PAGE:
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Port Hope prospered because of the railways that passed through town and a companion post will soon be published on the history and relics of the Midland, Lindsay and Beaverton Railway.  A post on the local Ghost Town of Wesleyville can be found at the link.

Google Maps Link: Port Hope

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Google Maps Link: Port Hope

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Wesleyville – Ghost Towns of the GTA

Friday, October 4, 2019

A Friday off work is a good excuse to go exploring.  With a plan in mind to visit Port Hope to look for the remains of the Midland Railway, I decided to stop off the highway one stop earlier and visit Wesleyville to photograph the old church I knew was there.  To my surprise I found an abandoned village as well.

In 1797 Jonathan Brown became the first settler in the town.  He was quickly joined by others and early church service were held in the home of the Barrowclough family.  Soon the family donated land for a church and cemetery and a frame building was constructed.   The present brick church was built in 1860 to replace the frame church.  The Wesleyan Methodist congregation became part of the United Church in 1925 and this church held services until the late 1960’s.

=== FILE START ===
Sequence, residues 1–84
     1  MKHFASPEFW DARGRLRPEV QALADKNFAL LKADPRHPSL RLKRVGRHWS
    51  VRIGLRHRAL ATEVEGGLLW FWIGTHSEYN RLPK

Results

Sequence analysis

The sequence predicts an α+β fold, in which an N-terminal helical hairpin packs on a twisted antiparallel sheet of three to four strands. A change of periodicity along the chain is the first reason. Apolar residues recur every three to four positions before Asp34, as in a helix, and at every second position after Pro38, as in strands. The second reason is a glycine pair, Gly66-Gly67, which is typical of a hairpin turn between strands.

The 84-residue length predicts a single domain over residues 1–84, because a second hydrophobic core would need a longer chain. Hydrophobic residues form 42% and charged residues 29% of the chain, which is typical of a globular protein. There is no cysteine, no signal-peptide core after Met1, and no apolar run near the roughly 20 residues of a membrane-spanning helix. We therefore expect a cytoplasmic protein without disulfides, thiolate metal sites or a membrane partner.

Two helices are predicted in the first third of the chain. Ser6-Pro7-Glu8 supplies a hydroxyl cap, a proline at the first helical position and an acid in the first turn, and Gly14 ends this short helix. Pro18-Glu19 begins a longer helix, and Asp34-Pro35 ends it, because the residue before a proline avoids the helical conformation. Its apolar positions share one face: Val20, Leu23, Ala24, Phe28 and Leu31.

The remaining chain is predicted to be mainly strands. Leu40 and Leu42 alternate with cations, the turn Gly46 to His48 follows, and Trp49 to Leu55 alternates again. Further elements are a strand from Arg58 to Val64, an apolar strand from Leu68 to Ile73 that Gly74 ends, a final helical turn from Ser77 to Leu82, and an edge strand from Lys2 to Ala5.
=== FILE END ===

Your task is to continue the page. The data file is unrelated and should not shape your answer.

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Wesleyville was a growing community in the 1860’s when it had attracted various tradesmen including a blacksmith, a tavern owner and machine shop operator.   Like many early communities there were a few name changes before the coming of the post office.  When one was opened in the hotel the name was established as Wesleyville in honour of the Wesley Methodist Church.

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The cemetery records show 107 burials between 1860 and 1935.  Burials continued until the 1970’s when the town was abandoned.

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Thomas and Selinda Oughtred arrived in town around 1850 and lived as tenants until 1855 when Selinda was granted 65.5 acres of land.  It is unclear why she received the grant and not her husband.  The house was likely built in 1858 and has a unique design where the front door is set between two angled sections.  The main portion of the house extends to the rear giving it a unique Y shape.  The house was used as the local post office from 1911 until 1944.  The house was sold to Ontario Hydro in 1978 and has been empty for the past forty years.